(1) Placing an extremely heavy object nearby
(2) Continuously increasing speed (if a car starts suddenly, your back will be pressed against the seat)
(3) spinning to create centrifugal force.
In our present, there is no possibility of realizing an artificial gravity generator, but the centrifugal force method has been considered for a long time. If a circular space station or a cylindrical space colony is rotated, centrifugal force is generated toward the outside, which would create an environment similar to that of Earth. However, since Yamato is in the shape of a ship, it would be difficult to determine which direction to rotate it in.
(1) Vertical rotation: Yamato moves forward while repeating forward somersaults.
(2) Horizontal rotation: Yamato goes through space while rotating with its bridge tower as its axis.
(3) Spinning rotation: a line connecting the bow and stern is the axis of rotation, and the ship moves forward while rotating like a drill.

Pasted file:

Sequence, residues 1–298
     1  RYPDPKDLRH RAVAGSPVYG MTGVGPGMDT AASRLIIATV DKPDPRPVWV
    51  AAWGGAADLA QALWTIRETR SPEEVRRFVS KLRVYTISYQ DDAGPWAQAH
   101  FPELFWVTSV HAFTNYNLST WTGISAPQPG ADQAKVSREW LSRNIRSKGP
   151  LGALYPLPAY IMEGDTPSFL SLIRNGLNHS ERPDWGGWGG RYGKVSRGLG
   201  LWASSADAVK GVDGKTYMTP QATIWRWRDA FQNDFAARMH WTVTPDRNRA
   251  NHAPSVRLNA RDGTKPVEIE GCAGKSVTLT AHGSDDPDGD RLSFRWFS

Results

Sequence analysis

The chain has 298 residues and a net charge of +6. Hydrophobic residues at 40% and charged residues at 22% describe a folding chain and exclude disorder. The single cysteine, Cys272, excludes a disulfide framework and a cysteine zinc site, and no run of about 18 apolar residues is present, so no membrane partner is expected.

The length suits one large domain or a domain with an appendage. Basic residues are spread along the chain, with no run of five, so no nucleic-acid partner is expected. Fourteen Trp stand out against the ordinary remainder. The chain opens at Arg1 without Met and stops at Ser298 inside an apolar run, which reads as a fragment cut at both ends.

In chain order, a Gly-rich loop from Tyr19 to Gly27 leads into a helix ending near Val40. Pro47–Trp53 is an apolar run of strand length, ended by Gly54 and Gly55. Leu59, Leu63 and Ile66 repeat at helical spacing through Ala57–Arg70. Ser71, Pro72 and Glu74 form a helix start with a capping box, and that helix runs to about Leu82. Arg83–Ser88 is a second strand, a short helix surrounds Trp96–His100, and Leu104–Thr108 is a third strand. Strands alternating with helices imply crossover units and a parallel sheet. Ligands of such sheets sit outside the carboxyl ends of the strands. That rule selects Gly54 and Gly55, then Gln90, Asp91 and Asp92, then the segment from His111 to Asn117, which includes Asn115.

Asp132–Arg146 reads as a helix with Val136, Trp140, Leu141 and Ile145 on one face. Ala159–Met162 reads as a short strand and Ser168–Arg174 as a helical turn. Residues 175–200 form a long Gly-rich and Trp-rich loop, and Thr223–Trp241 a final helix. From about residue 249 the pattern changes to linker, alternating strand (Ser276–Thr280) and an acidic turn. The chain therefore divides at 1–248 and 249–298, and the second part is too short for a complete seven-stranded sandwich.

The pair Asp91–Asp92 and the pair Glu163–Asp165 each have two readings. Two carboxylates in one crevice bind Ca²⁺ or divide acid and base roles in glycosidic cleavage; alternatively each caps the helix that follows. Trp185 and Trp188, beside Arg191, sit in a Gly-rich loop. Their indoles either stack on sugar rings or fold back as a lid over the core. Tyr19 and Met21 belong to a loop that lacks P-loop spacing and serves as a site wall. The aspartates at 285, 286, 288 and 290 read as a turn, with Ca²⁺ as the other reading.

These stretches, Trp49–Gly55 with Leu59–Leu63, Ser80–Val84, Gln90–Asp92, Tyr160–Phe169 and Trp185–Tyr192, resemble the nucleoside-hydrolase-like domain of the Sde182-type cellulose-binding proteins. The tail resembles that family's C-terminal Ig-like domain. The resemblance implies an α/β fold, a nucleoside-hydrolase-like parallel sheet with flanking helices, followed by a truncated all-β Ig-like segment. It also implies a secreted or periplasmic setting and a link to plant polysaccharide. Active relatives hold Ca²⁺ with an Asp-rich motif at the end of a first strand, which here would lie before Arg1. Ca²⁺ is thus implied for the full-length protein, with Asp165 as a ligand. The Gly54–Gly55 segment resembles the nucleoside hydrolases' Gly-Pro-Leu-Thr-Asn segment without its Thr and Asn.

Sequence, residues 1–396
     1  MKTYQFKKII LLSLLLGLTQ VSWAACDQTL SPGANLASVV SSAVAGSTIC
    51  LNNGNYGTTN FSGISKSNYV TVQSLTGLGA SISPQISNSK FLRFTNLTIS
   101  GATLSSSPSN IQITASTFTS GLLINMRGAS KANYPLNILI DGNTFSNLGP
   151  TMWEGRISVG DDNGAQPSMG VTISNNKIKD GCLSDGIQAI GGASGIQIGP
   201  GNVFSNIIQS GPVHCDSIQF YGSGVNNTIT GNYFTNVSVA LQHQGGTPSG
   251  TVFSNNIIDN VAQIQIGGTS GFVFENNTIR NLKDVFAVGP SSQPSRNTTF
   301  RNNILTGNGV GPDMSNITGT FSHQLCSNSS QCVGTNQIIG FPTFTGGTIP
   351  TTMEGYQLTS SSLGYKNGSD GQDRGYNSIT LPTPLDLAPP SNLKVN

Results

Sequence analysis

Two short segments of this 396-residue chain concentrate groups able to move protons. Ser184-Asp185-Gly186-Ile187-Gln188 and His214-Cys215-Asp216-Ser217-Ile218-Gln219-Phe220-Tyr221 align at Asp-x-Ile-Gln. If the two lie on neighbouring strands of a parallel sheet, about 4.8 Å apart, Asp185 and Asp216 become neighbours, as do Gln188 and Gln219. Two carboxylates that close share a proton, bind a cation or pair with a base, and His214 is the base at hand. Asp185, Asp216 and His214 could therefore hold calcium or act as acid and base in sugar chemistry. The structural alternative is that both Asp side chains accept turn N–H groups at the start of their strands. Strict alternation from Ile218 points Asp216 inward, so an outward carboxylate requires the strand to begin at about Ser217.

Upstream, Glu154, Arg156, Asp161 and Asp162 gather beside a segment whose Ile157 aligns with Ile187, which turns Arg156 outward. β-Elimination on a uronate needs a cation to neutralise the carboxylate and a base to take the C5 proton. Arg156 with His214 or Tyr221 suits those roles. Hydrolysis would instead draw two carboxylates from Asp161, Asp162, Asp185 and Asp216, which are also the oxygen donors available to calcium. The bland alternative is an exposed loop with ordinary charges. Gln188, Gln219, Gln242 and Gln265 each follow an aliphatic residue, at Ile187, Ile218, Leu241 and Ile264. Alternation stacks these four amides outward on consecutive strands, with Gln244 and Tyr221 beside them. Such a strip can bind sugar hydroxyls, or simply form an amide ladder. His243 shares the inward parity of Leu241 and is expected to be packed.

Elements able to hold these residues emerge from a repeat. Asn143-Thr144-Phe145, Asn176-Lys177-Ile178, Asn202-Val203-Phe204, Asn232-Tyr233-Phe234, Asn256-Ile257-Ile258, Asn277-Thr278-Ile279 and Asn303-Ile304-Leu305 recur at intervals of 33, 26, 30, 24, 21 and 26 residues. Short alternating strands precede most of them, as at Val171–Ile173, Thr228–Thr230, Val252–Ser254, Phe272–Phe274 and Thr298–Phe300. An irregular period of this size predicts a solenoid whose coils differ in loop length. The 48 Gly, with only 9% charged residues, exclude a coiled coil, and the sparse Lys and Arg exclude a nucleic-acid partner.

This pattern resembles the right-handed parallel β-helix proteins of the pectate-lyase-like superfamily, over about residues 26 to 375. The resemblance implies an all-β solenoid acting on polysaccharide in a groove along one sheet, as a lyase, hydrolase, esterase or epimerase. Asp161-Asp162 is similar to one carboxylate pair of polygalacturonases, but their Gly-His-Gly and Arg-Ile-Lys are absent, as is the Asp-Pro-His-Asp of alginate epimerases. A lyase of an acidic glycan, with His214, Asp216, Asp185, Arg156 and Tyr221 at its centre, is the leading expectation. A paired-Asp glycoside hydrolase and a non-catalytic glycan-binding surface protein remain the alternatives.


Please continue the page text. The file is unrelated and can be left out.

In each of these cases, gravity does not pull you toward the floor, so it would be hard for Kodai and Shima to sit still in their seats. In the case of (1) and (2), it would be difficult to hit a target with the Wave-Motion Gun.
A tougher opponent than Gamilas!
Then I came up with the idea of using Einstein’s special theory of relativity. “When an object moves at high speed, the same phenomenon occurs as if its mass increased.”
No matter how much energy we use, we cannot exceed the speed of light. As we approach the speed of light, instead of increasing speed, we increase our mass. By applying this phenomenon, Yamato can generate artificial gravity!
For example, if we spin a huge ring at a tremendous speed, it would become incredibly heavy, and thus gravity would be generated. Suppose we make a steel ring, 2 meters thick with a diameter of 200 meters.
To create 1G in a space 100m away from the ring, the ring should rotate at 99.999999999999994％ of the speed of light. If we place this ring close to the bottom of Yamato, gravity would pull the ship downward so that the ship’s interior can be lived in exactly the same as on the ground.